In the early 1950s Baba had his first temple, which he named Hanumangarh, constructed on the Manora hillside. Over the next two decades he also had temples, and in some places ashrams, constructed in Bhumiadhar, Kainchi, Kakrighat, Kanpur, Lucknow, Vrindavan, Shimla, Delhi, and other places. Baba valued the temples and ashrams, but he had no desire or attachment for them. As soon as each temple was completed, he would turn its management over to a trust.

Because of the social limitations faced by women in India, Baba made special facilities available to them in the ashrams. Consequently the women devotees adored Baba as their guru, father, brother, or son, according to their feelings. They participated in all the activities of the ashrams and contributed greatly to the spirit of service that Maharaj encouraged.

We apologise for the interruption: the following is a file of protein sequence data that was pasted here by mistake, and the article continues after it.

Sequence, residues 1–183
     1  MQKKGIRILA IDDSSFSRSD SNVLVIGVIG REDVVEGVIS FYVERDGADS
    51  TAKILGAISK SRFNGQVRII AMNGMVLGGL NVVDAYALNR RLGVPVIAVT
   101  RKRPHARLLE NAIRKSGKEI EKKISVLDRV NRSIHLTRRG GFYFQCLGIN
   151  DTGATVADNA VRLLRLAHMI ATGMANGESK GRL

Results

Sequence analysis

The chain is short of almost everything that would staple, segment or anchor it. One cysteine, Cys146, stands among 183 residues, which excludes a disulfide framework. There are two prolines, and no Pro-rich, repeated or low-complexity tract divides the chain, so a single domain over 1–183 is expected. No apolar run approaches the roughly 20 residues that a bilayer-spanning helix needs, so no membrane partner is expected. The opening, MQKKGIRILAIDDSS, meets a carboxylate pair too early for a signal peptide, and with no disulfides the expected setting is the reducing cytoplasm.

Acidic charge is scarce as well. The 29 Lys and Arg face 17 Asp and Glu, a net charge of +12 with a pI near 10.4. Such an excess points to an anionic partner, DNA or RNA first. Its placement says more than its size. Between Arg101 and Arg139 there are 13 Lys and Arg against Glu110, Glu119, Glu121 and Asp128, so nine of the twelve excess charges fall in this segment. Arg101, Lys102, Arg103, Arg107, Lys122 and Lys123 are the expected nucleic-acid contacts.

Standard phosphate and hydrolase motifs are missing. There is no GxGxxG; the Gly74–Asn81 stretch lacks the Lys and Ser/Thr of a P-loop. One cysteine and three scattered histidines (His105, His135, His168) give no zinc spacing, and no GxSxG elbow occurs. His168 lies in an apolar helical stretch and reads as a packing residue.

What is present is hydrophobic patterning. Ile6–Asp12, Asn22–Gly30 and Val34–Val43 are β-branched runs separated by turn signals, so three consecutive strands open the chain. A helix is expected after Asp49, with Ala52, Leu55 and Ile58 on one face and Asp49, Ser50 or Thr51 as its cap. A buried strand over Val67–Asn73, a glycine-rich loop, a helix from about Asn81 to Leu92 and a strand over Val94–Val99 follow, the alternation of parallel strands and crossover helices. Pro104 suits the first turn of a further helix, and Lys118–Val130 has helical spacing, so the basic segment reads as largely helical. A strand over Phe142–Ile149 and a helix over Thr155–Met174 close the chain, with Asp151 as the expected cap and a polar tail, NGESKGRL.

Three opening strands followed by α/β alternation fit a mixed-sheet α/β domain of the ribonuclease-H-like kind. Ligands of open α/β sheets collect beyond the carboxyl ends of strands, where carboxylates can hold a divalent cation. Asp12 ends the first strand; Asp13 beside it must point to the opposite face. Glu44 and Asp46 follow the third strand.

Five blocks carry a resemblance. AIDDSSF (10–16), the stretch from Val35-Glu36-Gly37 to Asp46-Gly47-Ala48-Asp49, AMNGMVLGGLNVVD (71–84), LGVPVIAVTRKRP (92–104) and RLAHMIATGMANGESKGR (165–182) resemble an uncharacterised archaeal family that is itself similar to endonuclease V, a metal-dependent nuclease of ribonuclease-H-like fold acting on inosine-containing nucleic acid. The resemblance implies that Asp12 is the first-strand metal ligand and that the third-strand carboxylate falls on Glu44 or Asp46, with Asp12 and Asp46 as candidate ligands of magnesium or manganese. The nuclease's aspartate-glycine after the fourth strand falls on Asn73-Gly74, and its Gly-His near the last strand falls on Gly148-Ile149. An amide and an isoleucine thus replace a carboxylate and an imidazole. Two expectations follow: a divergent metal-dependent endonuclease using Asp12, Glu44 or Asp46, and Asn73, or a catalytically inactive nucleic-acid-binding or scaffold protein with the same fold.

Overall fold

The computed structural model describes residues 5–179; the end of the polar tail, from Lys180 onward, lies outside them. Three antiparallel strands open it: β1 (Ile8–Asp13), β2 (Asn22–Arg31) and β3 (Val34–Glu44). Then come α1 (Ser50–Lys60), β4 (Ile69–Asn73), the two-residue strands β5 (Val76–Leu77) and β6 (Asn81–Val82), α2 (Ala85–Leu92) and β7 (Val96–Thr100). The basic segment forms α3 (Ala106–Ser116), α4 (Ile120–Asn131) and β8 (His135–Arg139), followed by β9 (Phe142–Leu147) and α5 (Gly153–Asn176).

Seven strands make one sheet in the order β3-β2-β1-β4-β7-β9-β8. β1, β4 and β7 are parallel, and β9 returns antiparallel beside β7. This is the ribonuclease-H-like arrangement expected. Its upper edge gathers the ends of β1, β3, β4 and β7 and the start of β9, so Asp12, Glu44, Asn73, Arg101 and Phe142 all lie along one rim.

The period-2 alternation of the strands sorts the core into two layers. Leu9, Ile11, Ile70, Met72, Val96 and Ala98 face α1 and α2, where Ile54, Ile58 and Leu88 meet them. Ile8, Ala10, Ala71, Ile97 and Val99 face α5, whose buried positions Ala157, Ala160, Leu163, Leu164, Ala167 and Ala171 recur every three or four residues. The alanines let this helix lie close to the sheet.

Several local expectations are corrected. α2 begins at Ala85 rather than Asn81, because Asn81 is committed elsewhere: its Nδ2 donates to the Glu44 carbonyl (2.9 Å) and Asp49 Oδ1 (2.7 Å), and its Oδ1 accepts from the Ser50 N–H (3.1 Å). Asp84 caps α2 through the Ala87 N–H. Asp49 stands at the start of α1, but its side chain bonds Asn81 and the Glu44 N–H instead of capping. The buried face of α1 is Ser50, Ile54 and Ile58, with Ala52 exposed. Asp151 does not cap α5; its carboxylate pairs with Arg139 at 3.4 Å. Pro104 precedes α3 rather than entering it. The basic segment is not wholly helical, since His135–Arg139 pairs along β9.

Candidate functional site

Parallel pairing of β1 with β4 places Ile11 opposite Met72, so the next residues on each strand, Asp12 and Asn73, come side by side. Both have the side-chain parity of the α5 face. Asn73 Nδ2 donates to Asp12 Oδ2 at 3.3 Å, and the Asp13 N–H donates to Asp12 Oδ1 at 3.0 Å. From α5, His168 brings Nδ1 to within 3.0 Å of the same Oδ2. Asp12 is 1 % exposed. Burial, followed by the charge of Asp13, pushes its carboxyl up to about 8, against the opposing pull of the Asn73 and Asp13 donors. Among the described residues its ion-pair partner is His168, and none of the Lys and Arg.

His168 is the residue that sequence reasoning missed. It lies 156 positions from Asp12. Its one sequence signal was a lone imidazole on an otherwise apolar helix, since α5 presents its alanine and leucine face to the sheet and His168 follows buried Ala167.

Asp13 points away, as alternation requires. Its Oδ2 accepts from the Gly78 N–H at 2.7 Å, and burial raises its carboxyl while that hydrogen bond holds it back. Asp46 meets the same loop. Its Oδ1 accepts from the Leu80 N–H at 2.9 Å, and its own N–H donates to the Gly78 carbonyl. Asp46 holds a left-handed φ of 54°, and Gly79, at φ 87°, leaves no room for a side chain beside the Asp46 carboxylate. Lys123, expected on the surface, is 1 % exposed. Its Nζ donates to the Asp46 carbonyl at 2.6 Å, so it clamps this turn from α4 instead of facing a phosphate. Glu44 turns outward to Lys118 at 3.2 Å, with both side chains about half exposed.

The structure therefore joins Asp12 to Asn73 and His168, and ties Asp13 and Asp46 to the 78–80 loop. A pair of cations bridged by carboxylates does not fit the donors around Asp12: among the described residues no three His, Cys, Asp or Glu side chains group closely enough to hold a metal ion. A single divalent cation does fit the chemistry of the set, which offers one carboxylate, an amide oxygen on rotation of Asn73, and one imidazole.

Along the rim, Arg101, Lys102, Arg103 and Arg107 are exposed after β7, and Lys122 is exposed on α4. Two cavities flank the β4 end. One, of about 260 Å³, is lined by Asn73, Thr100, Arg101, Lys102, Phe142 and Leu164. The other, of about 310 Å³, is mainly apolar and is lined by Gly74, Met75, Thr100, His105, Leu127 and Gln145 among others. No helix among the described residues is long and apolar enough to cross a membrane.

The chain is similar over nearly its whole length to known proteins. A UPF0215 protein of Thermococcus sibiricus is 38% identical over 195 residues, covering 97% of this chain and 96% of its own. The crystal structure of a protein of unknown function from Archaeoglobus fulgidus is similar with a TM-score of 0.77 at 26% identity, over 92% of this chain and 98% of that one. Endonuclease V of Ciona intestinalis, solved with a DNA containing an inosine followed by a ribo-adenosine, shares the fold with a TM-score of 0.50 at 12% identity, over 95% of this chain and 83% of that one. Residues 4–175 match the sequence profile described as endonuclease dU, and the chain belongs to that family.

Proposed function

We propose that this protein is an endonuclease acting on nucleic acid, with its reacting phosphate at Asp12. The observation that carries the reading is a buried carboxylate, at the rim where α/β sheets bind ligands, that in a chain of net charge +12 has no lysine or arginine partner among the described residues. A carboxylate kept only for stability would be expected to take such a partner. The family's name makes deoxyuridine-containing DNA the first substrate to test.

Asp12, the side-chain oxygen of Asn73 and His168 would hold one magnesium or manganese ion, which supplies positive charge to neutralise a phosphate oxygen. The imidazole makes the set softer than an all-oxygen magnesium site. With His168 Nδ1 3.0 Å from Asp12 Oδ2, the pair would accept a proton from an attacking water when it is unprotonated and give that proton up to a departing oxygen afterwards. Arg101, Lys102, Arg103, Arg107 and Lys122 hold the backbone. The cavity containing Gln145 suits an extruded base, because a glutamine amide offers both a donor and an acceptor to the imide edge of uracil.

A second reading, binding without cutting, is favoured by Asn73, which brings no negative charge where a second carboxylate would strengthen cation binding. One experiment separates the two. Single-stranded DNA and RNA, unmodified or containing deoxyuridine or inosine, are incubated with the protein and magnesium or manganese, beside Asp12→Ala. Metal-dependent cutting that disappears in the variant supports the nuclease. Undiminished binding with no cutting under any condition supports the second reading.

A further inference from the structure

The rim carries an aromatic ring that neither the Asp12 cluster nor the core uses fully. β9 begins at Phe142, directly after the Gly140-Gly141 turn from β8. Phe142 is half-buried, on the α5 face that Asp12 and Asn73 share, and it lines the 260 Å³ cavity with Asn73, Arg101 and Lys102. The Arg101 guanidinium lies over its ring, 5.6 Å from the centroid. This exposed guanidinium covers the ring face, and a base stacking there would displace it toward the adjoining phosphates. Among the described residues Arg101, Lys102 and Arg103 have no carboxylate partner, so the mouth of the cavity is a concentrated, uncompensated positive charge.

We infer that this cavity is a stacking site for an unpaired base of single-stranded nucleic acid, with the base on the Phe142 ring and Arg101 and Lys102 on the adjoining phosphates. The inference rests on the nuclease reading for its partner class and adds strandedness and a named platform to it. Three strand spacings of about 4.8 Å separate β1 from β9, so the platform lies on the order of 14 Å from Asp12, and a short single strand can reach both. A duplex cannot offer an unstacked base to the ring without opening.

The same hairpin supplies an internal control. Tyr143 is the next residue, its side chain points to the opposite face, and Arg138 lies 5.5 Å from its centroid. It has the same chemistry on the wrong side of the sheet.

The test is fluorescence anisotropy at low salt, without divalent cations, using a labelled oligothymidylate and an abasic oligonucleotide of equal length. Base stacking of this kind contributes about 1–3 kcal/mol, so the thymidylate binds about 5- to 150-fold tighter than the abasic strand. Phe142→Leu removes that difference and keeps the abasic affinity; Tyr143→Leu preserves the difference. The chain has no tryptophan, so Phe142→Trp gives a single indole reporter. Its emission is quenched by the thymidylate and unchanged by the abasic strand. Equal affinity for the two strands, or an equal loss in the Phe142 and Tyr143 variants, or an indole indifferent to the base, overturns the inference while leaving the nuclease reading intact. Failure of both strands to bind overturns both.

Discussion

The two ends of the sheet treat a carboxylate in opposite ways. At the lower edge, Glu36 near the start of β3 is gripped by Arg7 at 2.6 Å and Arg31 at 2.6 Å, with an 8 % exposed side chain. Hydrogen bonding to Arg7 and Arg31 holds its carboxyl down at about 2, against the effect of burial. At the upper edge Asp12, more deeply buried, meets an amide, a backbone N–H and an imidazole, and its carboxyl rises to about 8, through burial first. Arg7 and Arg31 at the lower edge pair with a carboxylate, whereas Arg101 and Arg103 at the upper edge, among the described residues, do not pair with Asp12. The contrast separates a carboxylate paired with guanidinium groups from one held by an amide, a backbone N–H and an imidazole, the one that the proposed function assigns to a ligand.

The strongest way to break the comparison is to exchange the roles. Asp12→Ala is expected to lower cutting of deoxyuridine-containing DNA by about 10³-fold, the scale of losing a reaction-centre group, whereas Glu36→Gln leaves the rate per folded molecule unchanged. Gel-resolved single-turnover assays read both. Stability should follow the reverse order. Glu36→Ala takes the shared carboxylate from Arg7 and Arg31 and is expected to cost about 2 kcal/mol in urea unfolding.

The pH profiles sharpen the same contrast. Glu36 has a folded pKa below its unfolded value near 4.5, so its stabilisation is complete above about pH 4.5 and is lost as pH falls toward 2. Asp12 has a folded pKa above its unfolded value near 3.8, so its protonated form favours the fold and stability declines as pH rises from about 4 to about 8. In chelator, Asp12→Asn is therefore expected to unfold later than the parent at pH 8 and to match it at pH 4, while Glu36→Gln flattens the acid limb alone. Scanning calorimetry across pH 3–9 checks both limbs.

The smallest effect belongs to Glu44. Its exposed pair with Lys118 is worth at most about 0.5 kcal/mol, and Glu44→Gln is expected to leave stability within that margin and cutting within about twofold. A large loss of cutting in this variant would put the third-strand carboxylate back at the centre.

Many visitors were fed every day in Baba's ashrams and given packets of prasad (blessed food) to carry home for their families. The visiting ascetics were offered money and blankets as well as food. Baba would say, "If you do not empty the stock, how can it be replenished?" Just as the sun never sees darkness, Baba never faced a shortage of anything.

From the 1950s until his Mahasamadhi, Baba visited the temples and ashrams but never stayed in one place for long. Wherever he stayed, he lived simply and was always concerned with the welfare of others. Like a benevolent father, he shed his grace on all.

He nurtured the concept of Vasudhaiv kutumbakam (the world as one family) and would say that love binds all together. His blood relations, along with countless others, merged within this worldwide family. Devotees only learned about Baba's relatives when his last rites were performed. Baba said, "The whole universe is our home and all residing in it belong to our family. Every woman is a mother or sister and every man a father or brother. This is all God's family. You can do service of the highest order only if your thoughts are centered on God. Instead of trying to see God in a particular appearance, it is better to see him in everything."